Caucuses are terrible.

Of all the weird things I would have predicted for 2017, “caucuses are awesome and we should switch to them!” as a national movement would not have been on the list. I feel pretty confident in asserting that the bulk of the people currently agitating for caucuses are doing so 100% because their preferred candidate did better in caucus states, and not because they live in a caucus state.

Minnesota has caucuses. I’ve been going to them for years. THEY ARE TERRIBLE.

Let’s assume just as a baseline that you love going to meetings. (Because that’s what caucuses are: meetings.) Do you love enormous, overcrowded meetings where you can’t hear and have only a vague idea of what’s going on? What if the room is too warm because there are about five times as many people in it as are supposed to be in it?

Do you like having to park a mile away and walk the rest of the way to your meeting? Do you like having to stand outside in a long line just to get into the building, which turns out to be people just trying to look at maps to determine which meeting they’re supposed to go to, and once you’ve done that, would you like to stand in yet ANOTHER line to get into your specific room, where you’ll then have to stand because they ran out of chairs?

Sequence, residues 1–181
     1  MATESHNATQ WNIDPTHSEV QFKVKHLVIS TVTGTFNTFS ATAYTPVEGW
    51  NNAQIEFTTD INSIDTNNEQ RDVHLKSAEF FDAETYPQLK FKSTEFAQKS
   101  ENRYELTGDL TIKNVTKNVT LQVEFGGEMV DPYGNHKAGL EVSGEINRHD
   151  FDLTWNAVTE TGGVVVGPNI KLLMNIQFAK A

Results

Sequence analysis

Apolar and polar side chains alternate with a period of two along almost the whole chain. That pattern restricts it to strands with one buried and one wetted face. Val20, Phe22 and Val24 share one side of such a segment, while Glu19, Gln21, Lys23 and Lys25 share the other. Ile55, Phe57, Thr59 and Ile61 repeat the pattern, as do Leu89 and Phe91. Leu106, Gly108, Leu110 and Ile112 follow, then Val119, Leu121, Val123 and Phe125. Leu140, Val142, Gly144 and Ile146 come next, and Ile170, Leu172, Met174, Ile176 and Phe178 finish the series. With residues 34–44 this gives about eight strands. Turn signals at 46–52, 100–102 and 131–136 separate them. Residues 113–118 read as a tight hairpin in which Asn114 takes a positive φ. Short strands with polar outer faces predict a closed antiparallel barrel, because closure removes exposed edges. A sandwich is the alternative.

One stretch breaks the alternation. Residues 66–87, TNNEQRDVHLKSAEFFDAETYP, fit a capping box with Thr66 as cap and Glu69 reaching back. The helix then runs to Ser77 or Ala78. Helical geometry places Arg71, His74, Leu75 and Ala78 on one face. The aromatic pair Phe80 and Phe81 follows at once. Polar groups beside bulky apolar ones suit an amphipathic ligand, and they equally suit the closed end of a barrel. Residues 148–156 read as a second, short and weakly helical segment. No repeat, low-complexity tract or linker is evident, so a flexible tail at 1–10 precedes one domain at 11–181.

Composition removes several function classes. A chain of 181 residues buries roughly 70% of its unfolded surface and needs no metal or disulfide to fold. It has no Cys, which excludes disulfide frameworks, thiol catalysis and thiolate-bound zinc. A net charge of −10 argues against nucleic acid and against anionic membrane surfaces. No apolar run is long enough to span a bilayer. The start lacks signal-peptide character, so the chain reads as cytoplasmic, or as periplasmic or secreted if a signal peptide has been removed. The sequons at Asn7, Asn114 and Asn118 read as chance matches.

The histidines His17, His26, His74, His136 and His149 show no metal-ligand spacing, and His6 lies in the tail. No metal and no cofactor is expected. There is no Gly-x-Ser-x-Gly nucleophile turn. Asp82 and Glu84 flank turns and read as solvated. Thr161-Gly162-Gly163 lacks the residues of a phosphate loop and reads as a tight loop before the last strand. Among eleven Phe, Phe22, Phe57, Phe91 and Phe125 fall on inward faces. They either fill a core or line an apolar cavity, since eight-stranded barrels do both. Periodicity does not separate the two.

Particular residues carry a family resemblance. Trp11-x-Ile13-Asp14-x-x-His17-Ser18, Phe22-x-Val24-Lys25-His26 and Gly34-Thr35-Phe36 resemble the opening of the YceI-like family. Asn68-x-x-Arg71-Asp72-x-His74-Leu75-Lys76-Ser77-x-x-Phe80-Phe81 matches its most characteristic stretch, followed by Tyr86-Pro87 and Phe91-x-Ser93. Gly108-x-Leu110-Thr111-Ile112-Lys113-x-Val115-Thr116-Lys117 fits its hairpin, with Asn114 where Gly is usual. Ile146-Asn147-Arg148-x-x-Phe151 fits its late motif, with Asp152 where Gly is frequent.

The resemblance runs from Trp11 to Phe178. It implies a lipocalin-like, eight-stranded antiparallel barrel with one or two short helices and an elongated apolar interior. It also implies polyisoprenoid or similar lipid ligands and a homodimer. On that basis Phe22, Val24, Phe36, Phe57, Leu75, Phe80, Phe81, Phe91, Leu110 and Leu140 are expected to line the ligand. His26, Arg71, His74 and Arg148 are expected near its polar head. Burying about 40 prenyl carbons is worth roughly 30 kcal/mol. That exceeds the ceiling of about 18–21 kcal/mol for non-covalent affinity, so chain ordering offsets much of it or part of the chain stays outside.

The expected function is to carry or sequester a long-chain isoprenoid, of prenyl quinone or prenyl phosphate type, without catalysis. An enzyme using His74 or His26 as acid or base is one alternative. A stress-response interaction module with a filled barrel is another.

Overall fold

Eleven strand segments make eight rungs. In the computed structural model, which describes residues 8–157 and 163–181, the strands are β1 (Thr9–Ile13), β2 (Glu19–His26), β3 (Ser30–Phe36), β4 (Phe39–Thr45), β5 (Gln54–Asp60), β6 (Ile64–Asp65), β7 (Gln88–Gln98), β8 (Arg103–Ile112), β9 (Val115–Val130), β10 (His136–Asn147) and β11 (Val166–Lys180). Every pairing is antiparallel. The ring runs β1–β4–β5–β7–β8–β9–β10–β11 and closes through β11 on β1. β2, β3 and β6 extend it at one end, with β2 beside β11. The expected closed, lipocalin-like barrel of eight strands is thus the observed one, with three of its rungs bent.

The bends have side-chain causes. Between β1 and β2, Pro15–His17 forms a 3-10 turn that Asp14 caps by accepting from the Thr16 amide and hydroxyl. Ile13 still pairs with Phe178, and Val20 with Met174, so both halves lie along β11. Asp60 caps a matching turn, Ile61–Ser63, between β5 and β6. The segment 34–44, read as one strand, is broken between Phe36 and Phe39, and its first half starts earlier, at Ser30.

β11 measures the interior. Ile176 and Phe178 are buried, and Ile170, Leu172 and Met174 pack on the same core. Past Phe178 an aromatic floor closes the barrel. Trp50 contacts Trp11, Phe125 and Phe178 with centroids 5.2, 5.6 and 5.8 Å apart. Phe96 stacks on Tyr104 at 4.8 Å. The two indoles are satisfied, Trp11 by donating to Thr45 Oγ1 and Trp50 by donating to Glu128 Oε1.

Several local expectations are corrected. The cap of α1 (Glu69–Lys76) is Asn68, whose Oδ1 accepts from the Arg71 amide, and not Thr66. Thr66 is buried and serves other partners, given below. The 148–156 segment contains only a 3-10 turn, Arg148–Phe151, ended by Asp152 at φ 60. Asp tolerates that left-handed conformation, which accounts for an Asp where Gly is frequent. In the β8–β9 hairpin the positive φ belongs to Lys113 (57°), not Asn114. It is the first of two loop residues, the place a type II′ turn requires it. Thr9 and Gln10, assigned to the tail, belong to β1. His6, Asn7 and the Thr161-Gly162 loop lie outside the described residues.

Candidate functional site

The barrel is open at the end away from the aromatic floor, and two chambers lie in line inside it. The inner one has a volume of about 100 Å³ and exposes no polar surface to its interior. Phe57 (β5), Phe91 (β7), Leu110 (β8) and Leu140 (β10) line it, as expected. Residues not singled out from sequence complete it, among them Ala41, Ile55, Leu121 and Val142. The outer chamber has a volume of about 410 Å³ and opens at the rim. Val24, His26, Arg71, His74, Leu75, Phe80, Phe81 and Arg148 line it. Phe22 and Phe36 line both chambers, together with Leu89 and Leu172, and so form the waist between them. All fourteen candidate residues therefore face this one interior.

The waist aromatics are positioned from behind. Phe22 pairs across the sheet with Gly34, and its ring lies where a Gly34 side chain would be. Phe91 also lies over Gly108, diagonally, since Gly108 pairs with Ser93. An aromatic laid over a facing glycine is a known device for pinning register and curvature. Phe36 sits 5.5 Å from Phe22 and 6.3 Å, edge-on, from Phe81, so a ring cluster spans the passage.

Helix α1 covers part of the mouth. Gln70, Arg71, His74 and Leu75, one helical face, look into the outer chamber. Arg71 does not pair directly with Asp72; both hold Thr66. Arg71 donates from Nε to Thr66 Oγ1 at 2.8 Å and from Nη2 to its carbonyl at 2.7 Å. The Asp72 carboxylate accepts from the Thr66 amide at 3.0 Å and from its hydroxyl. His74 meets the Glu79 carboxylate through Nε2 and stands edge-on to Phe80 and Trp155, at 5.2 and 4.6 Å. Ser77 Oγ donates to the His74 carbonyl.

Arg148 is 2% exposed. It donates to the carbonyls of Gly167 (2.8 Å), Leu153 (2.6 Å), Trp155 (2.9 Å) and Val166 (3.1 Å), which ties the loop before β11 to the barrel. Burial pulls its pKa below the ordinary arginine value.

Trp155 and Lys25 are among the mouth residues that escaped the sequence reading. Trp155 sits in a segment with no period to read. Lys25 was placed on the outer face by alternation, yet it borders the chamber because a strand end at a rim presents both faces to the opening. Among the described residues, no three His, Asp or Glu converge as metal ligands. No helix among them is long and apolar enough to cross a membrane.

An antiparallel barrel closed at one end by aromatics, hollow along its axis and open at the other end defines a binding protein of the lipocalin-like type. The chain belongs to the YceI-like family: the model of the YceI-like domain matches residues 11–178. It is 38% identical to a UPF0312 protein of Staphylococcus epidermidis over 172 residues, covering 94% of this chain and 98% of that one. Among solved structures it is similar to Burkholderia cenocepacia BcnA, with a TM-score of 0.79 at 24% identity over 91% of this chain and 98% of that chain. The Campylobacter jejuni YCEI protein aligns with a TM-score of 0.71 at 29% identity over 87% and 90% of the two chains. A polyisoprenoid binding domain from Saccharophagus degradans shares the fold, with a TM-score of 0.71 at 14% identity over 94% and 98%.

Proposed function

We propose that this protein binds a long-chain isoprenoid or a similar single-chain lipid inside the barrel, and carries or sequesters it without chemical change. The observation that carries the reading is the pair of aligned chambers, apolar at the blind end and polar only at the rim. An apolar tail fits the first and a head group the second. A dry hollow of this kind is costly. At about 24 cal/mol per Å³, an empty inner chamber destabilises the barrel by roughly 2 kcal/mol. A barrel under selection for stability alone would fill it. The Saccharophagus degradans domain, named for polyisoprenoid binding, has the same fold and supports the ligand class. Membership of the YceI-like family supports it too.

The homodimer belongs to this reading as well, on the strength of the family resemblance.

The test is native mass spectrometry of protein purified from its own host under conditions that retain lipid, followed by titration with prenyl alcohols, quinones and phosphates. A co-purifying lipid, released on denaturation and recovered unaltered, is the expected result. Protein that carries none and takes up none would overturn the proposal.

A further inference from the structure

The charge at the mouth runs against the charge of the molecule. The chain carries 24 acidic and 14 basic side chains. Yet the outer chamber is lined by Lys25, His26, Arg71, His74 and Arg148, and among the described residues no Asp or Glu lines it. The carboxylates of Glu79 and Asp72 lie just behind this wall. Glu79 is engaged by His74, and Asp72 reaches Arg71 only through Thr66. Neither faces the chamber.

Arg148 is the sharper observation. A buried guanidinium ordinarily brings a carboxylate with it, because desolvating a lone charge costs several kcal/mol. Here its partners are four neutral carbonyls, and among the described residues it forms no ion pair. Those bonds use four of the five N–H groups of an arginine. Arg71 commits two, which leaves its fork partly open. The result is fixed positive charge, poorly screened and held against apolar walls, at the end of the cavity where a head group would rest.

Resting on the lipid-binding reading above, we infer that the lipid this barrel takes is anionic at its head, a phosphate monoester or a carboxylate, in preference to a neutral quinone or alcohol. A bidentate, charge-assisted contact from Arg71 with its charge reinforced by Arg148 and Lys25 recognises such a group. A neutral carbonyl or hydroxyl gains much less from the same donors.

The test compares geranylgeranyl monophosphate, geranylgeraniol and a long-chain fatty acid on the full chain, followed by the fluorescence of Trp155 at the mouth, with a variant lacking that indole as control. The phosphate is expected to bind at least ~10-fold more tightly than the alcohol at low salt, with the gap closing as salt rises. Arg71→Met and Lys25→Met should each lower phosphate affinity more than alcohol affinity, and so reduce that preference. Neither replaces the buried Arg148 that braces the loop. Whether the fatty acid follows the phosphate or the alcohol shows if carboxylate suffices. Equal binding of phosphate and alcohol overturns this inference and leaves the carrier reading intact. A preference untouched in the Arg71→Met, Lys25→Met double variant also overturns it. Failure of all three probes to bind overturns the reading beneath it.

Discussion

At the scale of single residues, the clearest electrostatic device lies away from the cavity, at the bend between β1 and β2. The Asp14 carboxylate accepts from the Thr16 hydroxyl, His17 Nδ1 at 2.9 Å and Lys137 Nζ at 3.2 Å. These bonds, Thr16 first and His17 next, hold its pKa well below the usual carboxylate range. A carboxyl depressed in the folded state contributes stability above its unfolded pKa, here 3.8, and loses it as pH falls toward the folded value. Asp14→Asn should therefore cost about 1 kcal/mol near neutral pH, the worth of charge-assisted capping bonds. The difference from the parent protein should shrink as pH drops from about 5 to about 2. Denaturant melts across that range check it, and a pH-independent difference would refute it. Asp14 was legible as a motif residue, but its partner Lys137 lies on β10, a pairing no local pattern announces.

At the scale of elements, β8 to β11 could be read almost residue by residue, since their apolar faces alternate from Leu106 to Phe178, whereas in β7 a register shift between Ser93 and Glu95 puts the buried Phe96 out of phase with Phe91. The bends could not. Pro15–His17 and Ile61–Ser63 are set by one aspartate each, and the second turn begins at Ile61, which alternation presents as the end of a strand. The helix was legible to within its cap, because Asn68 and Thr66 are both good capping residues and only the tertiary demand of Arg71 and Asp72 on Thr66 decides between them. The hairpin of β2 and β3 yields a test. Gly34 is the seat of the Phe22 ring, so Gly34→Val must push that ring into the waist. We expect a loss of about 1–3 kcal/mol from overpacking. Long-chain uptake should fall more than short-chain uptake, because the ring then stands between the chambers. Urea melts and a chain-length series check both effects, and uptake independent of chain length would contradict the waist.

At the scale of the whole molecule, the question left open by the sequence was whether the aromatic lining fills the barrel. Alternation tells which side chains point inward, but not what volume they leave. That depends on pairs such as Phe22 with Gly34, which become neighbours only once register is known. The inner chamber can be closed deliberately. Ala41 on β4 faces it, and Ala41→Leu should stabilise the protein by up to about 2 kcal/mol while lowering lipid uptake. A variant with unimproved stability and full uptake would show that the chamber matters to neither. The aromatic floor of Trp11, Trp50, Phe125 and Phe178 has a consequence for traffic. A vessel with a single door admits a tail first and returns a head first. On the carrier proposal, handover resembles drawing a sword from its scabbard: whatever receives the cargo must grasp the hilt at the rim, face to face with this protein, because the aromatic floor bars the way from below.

Do you love it when the people running things are inexperienced volunteers who have held meetings before, but they were the sort of meeting that only 15 people came to, and now there are people spilling out of every doorway? (No one ever gets good at running these because presidential caucuses happen every 4 years. And if there’s a Democratic incumbent they’re pretty much a formality.)

Because, I mean, if you’re a fan of all this — even if your state doesn’t hold caucuses for the presidential race, they probably do hold party meetings of some kind and you could still go. (The horrible traffic snarls and parking hassles might be harder to arrange, but you could simulate them by driving very slowly to your destination and parking a mile away and walking, if that’s an important part of the experience for you.)

Minnesotans have done caucuses basically forever and we are so fed up with them that we passed a law this spring switching to a primary for 2020. It passed with overwhelming majorities in both houses of the legislature, because after the 2016 caucuses, legislators were inundated with irate phone calls and e-mails from constituents saying, “THIS SYSTEM IS TERRIBLE. WE WANT A PRIMARY.”

In 2016, Minnesota had 204,000 Democrats show up to caucus, and 114,245 Republicans. In Wisconsin, which has a similar population and general voting turnout, they held a primary a month later. 1,000,000 people cast a Democratic ballot, and 1,000,000 cast a Republican ballot.